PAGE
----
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In the famous Goldstein mechanics book, there is an example about a single (non-relativistic) particle of mass m and charge q moving in an E&M field.

It says the force on the charge can be derived from the following velocity-dependent potential energy $$U=q\phi-q\mathbf{A}\cdot\mathbf{v} .\tag{1.62}$$

(eq 1.62 of 3rd ed.) I can see where the expression came from my E&M knowledge. So far it's OK. Next

$$L=T-V=\frac{1}{2}mv^2-q\phi+q\mathbf{A}\cdot\mathbf{v}.$$

(p.341) (It changed notation from $U$ to $V$ without mention.) It says that because of the $q\mathbf{A}\cdot\mathbf{v}$ term in $V$, the Hamiltonian is not $T+V$. However, it says it's still total energy since the "potential" energy in an E&M filed is determined by $\phi$ alone.

I'm confused by the sentence. Is it insisting that potential energy is only $V=\phi$? Then why it introduced velocity-dependent potential earlier? What's the role of $q\mathbf{A}\cdot\mathbf{v}$ term?

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  1. Firstly, Goldstein uses the letters $V$ and $U$ for velocity-independent and velocity-dependent potentials, respectively, as explained in the beginning of section 1.5,

  2. Both the 2nd edition (p. 346) & the 3rd edition (p. 341) wrongly state that the Lagrangian for a point charge in an E&M field is $$L~=~T-V$$ rather than $$L~=~T-U. $$ It seems that Goldstein forgets his own notation convention from Section 1.5!

  3. The 2nd edition states (p. 346)

    Because of this linear term in $U$, the Hamiltonian is not $T+U$.

    While the 3rd edition states (p. 342)

    Because of this linear term in $V$, the Hamiltonian is not $T+V$.

    The 2nd edition is here correct, while the 3rd edition is wrong, as the Hamiltonian $H$ is indeed the sum of the kinetic energy $T$ and the electric potential energy $V=q\phi$. It seems that the initial error in the 2nd edition caused a new error in the 3rd edition!

References:

  1. H. Goldstein, Classical Mechanics, 2nd edition, p. 346.

  2. H. Goldstein, Classical Mechanics, 3rd edition, p. 341-342.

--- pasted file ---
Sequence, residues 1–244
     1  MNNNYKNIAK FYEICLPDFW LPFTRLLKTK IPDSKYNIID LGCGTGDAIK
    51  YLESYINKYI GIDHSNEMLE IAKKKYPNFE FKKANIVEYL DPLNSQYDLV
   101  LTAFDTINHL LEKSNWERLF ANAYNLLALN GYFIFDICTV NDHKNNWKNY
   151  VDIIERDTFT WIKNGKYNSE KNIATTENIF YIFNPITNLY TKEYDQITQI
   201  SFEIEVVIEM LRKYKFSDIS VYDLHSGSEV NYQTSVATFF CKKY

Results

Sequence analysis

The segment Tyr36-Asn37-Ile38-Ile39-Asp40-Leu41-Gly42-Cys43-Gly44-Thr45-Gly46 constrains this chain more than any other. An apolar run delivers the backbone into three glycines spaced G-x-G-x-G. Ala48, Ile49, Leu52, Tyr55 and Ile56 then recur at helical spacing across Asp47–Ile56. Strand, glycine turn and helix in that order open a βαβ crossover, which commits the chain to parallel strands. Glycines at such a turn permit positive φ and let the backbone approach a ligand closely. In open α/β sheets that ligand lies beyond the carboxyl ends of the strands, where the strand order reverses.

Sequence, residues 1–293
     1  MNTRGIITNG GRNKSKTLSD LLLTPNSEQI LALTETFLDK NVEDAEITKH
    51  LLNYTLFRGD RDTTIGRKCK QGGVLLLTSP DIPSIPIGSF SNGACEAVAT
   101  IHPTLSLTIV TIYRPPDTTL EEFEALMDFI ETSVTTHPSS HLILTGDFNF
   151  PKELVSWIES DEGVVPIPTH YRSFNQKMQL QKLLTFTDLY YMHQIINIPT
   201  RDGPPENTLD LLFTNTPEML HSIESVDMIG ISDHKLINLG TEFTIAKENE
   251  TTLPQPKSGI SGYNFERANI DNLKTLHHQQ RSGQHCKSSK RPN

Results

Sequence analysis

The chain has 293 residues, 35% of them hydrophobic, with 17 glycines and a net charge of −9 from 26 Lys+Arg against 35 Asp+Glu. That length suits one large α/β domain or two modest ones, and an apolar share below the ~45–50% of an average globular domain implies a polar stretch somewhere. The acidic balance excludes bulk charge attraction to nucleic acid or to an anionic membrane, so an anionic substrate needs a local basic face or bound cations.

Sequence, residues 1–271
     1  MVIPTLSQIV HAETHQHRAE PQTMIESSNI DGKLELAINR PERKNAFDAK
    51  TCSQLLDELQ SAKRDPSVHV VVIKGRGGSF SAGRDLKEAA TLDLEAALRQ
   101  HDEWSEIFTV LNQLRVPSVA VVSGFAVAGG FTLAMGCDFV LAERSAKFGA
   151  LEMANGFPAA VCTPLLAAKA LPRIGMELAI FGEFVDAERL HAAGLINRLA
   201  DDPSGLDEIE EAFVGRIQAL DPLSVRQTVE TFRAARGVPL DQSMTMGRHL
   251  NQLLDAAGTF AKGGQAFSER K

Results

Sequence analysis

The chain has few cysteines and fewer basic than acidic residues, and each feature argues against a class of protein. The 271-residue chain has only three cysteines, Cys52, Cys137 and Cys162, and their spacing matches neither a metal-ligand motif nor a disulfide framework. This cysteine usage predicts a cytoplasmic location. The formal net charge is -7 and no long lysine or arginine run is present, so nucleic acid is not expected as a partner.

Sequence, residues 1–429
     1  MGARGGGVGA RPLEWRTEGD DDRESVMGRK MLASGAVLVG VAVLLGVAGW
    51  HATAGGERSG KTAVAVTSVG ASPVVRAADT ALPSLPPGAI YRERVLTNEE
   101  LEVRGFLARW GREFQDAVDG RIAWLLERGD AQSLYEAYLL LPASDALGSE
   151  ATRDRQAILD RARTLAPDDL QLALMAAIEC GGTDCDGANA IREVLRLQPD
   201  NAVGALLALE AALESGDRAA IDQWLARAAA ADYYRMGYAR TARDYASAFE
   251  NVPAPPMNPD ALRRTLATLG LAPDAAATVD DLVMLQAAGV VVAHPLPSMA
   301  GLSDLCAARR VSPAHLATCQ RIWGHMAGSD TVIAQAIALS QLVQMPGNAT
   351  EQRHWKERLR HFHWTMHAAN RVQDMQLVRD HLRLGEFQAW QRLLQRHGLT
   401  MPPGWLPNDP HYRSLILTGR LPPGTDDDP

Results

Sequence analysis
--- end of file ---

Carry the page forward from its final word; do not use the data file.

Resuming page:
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  • $\begingroup$ OK that clears the matter, I think. So Is U not actual potential energy and V is the true potential energy? $\endgroup$ – Septacle Aug 8 '18 at 22:05
  • $\begingroup$ Well, be prepared that the Devil's advocate may disagree about what true potential energy is :-) $\endgroup$ – Qmechanic Aug 9 '18 at 8:09
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I think Goldstein made a mistake (or is at least being misleading).

The Hamiltonian for a charged particle in an electromagnetic field is

$$ H=\frac{1}{2m}(\vec{p}-q\vec{A})^2+q\phi(\vec x) $$ We also know, from the canonical transformation, that the canonical momentum is given by $\vec{p}=m\dot{\vec{x}}+q\vec{A}$. So in fact, the Hamiltonian is nothing more than $$ H=\frac{1}{2}m\dot x^2+q\phi(\vec{x}) $$ written in terms of the canonical momentum $\vec{p}$. Thus, not only is the Hamiltonian the total energy of the particle, but it is in fact exactly $T+V$.

What I think Goldstein is referring to is that earlier, in chapter 1, he described the Lagrangian for a charged particle as arising from a "velocity dependent potential energy" $U$, from which he could write $L=T-U$. This $U$ is NOT a real potential energy, but it makes the Lagrangian work out. In terms of this $U$, he is saying that we cannot write $H=T+U$, where $U$ here is an artificial "velocity dependent potential energy." But we emphatically CAN write $H=T+V$, where $V$ is the boring regular potential energy of a particle in an electric field.

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